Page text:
Michael F. Bird has stolen the twisting knife and transformed it into a feather. Bombshells have become cotton candy and grenades explode flower petals. I feel the love at last.
Some background: D.A. Carson and N.T. Wright have lobbed donnish salvos across the Great Pond. Carson, a New Testament professor at Trinity Evangelical Seminary and a lion of the ever-vigilant Neo-Reformed Movement, sniped at Wright when reviewing The Future of Justification by John Piper (Wheaton: Crossway, 2007), which questioned Wright’s interpretation of the Apostle Paul: “John Piper will not allow believers to put their trust in anyone or anything other than the crucified and resurrected Savior.” Wright, a British Anglican cleric and scholar, took umbrage in his weighty reply, Justification: God’s Plan and Paul’s Vision (Downer’s Grove: IVP Academic, 2009): “The implicit charge that the Pauline theology I have articulated might lead people to put their trust in ‘anyone or anything other than the crucified and resurrected Savior’ … is seriously misleading.”
Incidentally, sometimes one person is right and the other is wrong – and Wright is right in this instance. Critics scold him for whittling the great Pauline doctrine of “justification by faith.” He doesn’t, which should be clear. He and other so-called “New Perspective” writers explore the whole of Paul’s thought within its first-century Jewish context. “Justification” is left in tact but is now seen within a broader and richer understanding of the apostle and his world. We can quibble with Wright, of course. He argues that Reformation theologians were wrong to use the term, “imputed righteousness,” but also says the underlying thought beneath the phrase is true. What’s the dif? And he may etch too firm a border between first-century Greek and Jewish thinking: The Book of Hebrews, not written by Paul but of his school, betrays possible Hellenism.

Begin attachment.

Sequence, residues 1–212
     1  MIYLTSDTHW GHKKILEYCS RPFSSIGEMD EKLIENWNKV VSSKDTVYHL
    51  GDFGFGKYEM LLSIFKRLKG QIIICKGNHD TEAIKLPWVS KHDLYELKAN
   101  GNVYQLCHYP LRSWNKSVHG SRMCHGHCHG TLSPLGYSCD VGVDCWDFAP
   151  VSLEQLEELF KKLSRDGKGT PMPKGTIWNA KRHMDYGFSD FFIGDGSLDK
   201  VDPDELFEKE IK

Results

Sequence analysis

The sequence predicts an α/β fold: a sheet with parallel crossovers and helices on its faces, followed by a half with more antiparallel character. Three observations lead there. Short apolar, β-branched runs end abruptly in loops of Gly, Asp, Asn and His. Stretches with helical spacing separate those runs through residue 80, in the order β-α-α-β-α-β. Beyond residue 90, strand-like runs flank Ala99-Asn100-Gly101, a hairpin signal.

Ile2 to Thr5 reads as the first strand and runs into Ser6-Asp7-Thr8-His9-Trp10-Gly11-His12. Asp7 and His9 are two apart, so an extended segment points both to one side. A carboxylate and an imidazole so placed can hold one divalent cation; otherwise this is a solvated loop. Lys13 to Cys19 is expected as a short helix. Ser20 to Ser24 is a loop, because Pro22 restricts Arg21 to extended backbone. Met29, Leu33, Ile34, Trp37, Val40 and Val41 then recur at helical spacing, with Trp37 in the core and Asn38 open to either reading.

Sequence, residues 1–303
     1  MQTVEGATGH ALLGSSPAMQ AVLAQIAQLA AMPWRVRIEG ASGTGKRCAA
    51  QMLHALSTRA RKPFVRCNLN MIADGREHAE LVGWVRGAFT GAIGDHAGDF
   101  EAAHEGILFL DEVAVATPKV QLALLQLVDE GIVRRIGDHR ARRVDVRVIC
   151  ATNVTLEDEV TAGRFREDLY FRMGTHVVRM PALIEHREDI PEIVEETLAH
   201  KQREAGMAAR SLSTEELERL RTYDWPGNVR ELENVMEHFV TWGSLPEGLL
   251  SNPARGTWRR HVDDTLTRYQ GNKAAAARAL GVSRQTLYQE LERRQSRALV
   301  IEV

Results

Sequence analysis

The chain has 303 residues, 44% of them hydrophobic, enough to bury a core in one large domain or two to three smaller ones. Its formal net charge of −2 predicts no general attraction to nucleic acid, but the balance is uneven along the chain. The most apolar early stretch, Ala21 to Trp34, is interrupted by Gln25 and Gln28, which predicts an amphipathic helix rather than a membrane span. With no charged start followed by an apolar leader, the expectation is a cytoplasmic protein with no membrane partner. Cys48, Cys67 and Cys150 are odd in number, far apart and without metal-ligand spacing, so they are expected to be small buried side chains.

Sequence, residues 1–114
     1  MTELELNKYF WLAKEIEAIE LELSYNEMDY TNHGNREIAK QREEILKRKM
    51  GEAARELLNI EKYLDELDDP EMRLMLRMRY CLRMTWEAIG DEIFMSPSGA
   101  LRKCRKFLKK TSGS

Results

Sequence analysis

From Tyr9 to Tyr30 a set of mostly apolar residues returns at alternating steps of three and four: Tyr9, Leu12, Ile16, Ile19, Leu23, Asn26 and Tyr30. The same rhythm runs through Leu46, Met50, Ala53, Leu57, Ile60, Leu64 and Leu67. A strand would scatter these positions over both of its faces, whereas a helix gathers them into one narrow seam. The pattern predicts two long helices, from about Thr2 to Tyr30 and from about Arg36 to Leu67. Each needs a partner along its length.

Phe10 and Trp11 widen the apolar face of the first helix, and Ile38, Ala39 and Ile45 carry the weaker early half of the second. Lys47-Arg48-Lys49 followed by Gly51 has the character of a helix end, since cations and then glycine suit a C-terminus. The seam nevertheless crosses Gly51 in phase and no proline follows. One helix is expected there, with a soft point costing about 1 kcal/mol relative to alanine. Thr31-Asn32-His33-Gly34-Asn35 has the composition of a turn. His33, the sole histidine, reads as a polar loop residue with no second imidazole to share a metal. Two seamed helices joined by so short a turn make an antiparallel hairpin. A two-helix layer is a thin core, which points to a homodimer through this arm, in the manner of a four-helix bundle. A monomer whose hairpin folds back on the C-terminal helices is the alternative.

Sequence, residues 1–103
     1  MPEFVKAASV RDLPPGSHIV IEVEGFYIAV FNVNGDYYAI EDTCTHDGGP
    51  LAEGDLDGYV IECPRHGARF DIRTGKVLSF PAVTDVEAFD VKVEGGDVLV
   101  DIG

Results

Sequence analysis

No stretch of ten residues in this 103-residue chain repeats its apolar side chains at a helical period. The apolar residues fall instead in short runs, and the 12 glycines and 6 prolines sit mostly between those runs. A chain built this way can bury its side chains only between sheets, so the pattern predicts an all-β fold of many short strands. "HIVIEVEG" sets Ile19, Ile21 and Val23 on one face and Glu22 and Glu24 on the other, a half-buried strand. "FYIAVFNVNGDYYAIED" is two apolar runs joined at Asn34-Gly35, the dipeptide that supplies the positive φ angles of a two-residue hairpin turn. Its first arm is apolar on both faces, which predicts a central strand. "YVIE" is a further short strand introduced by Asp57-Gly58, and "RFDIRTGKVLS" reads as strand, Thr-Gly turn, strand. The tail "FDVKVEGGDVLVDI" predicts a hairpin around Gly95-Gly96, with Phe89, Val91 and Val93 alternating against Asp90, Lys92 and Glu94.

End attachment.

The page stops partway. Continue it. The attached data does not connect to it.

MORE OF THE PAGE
But that’s friendly observation. It doesn’t come close to hinting heresy. Carson crossed the line and then some.
Perhaps Carson’s mischaracterization should come as no surprise. He seriously misunderstood and misrepresented the Vineyard Christian Fellowship in his contribution to Power Religion: The Selling Out of the Evangelical Church (Chicago: Moody, 1992, edited by Michael Horton). Straw men were mowed down and the Vineyard’s reputation was unnecessarily tarnished. Wayne Grudem, his Trinity colleague at the time, illuminated his factual errors and dismantled his arguments (see here) … I admit it: I betray my prejudice. This is personal. I’ve learned much from the Vineyard and I still remember that sinking feeling – that gnawing sense of betrayal – while reading a respected scholar’s pan. My inner journalist cried out: “Get your facts right – especially when reviewing a movement that has helped so many.”
But here’s the point, the golden nugget, the gem – maybe even the sweet revenge: Whatever their flaws, both academics are good. I often refer to Carson’s commentary on Matthew and I have nothing but praise for a Commentary on the New Testament Use of the Old Testament, edited by him and G.K. Beale, one of my New Testament professors who took me under his wing despite our disagreements (Grand Rapids: Baker Academic, 2007). It weighs fourteen tons. And I can’t get enough of Wright.
That’s where Bird comes in. The Australian scholar lumps them together as two of his favorite authors. Sa-weet: The knife becomes the feather and the bombs become candy and the grenades spring petals. Take that, oh sages (especially you heretic hunting Neo-Reformers!) You’re on the same side! Realize it! Grasp it! It’s a good thing!
Savor the video: